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Masashi Kishimoto Says Naruto Became Multicultural In A Natural Way

One gripe international audiences generally have over certain anime shows is that these do not always reflect how multicultural society is. Typically, as a general rule, especially in regard to shonen, most characters are white, cisgender, and straight. Therefore, it is positively refreshing when mangaka decide to broaden their horizons and be more inclusive, so that some fans feel seen by the products they admire. There are a few cases worth noting within the anime industry: one of these is Hajime Isayama's "Attack on Titan," while another, longer and older still, is Masashi Kishimoto's "Naruto."

"Naruto" definitely became more inclusive as the series progressed — although fans don't agree unanimously that the series incorporated enough diverse representation or that this representation was not stereotypical. Kishimoto was asked in 2015 by Anime News Network about the introduction of certain multicultural characters into the story and how that came about. In his response, the mangaka attributed this decision not to any deliberate reasoning on his part, but to the natural progression of the story and the expansion of the manga's universe.

Kishimoto had to broaden his perspective

In "Naruto: Shippuden," more diverse characters were introduced into the already character-driven narrative. One of these was the fabulous Killer Bee from the Hidden Cloud Village. When questioned about the introduction of characters from different cultural backgrounds, Kishimoto answered, "When I started expanding on the world, especially through introducing other ninja villages, the very nature of doing that kind of forced me to widen the perspective ... So while it wasn't necessarily an outright deliberate decision, I think I was conscious of the fact that I wanted Naruto's world to reflect, at least a little bit, the world at large."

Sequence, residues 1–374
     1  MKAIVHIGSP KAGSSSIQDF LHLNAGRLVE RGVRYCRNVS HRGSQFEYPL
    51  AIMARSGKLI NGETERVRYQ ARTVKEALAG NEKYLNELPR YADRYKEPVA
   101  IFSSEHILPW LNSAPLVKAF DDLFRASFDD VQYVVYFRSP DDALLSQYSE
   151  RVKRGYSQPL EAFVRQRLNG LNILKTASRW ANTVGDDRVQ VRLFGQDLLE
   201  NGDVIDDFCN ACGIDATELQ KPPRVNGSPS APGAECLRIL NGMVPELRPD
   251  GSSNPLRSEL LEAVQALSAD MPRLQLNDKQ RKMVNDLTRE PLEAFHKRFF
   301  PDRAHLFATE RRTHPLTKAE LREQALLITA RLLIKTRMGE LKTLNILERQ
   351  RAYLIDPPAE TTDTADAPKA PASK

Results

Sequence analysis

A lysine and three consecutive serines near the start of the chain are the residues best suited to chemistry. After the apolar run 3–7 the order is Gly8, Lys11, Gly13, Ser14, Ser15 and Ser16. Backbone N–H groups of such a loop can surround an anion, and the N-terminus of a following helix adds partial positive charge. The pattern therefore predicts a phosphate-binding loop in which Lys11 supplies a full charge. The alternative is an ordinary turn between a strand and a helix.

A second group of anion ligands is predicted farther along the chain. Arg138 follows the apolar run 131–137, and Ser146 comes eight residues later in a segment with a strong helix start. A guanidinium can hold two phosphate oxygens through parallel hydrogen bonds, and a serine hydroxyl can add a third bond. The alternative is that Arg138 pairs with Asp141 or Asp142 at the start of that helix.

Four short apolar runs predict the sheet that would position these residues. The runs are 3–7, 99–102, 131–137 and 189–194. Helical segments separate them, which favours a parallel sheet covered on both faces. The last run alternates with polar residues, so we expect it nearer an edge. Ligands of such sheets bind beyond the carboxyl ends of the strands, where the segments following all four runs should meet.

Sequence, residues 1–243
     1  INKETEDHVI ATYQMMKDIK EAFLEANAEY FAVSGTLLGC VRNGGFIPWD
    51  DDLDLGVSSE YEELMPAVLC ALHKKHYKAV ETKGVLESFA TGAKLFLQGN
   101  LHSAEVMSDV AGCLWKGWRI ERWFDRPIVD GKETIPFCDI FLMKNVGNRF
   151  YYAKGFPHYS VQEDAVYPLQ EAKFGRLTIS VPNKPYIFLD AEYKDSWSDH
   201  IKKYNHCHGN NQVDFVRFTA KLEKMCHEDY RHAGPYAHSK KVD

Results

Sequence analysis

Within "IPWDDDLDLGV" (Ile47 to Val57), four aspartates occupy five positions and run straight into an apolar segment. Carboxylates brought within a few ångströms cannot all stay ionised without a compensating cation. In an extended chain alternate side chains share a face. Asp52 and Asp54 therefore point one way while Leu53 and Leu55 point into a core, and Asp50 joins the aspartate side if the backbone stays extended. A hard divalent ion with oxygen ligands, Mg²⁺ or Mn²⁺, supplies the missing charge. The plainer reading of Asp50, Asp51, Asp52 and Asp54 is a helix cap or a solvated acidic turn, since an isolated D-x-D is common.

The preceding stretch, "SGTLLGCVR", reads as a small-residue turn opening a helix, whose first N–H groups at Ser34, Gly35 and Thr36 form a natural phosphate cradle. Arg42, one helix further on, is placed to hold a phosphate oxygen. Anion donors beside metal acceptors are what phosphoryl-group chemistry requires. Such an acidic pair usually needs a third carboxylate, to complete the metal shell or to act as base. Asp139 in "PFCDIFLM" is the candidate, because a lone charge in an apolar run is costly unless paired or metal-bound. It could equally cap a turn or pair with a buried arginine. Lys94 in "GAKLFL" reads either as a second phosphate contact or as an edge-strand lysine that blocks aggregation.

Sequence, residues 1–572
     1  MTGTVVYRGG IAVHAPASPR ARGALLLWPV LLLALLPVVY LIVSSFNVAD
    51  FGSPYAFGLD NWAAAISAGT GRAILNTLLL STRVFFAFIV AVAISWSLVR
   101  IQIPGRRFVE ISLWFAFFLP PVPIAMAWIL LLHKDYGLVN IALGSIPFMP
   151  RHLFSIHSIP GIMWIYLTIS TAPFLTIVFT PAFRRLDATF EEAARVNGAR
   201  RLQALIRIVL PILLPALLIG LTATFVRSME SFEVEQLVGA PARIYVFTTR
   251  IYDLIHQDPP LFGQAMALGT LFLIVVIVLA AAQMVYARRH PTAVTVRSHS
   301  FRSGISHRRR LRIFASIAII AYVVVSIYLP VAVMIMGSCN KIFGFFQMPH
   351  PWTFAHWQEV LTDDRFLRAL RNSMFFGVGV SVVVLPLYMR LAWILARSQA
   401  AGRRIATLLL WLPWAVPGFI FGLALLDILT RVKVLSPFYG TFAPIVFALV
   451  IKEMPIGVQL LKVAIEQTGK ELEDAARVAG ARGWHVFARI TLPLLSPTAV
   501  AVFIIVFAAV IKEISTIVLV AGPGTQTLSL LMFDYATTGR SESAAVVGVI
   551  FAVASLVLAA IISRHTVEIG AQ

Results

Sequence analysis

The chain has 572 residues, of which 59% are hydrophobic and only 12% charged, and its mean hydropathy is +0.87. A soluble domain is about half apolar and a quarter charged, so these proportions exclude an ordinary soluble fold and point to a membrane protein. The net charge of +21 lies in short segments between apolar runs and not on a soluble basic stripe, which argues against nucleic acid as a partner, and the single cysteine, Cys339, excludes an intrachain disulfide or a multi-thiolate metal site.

The lack of diverse representation in the beginning of "Naruto" can likely be attributed to an absence of awareness on Kishimoto's part of what his readership was going to look like. "I didn't think much about foreign readers when I began 'Naruto,' but I knew that many of the artists who influenced me had already been accepted overseas," the mangaka told the LA Times in 2008. 

Fans speak out on whether the world of Naruto really reflects ours

In spite of Kishimoto's claim that he widened his perspective, some fans have noted that the world of "Naruto" still lacks distinct textures for different locations and regions. One Redditor requested help in understanding how to make the different Hidden Villages feel unmistakably diverse when writing a fanfiction. Another posted a picture of the Five Kage Summit in "Boruto" with the title: "What culture does each village represent?" People were less serious and helpful than in the previous post, with one amusingly — yet sadly — replying: "Japan, Japan, Japan, Japan and Japan."

Other Reddit users, and fans in general, have issues with how the female characters are portrayed: "Angry and notably excessive violent female character? Where have I seen this before? Oh that's right, LITERALLY EVERY FEMALE CHARACTER IN THIS SHOW," wrote one user, adding, "Maybe it is for 'comedic' purposes but every girl in [the series] has that problem." When one thinks about it, most female characters, with the exception of Hinata, seem too quick to show aggressiveness – Sakura being the most blatant example.

While there certainly was more inclusivity present in later "Naruto," the series is not the most inclusive and diverse in anime. Perhaps if it had been created in this decade, there would have been more attention to those aspects. Regardless, despite its deficiency in varied and fleshed-out representation of different ethnicities and cultures, "Naruto" is still a show abounding with memorable characters, riveting story arcs and poignant moral lessons.